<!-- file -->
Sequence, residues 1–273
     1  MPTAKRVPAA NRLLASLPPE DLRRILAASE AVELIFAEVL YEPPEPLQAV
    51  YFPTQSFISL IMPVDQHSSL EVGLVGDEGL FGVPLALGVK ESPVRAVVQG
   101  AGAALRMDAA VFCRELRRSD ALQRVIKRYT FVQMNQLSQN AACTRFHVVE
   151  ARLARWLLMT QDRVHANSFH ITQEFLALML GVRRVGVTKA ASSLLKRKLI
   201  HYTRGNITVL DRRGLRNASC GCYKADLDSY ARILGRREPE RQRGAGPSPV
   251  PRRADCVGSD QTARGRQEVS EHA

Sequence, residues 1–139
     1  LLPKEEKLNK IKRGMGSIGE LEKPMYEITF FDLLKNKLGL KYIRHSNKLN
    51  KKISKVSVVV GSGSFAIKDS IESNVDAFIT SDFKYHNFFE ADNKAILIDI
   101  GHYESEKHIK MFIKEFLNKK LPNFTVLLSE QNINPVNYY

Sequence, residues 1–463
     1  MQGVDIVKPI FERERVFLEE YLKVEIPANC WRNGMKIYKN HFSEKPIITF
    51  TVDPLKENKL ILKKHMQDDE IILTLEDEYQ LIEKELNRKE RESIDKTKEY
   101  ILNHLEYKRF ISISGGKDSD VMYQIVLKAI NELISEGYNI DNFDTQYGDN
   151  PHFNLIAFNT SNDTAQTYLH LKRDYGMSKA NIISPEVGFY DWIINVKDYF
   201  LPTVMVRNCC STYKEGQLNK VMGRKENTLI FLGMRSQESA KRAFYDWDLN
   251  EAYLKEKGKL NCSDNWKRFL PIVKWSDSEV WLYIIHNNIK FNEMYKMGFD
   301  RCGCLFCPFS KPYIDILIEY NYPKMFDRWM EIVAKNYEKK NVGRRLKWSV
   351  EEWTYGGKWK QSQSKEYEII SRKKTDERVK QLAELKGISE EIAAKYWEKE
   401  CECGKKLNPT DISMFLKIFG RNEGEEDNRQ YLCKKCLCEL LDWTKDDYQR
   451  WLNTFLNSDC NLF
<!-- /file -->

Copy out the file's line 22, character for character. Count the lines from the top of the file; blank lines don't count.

   451  WLNTFLNSDC NLF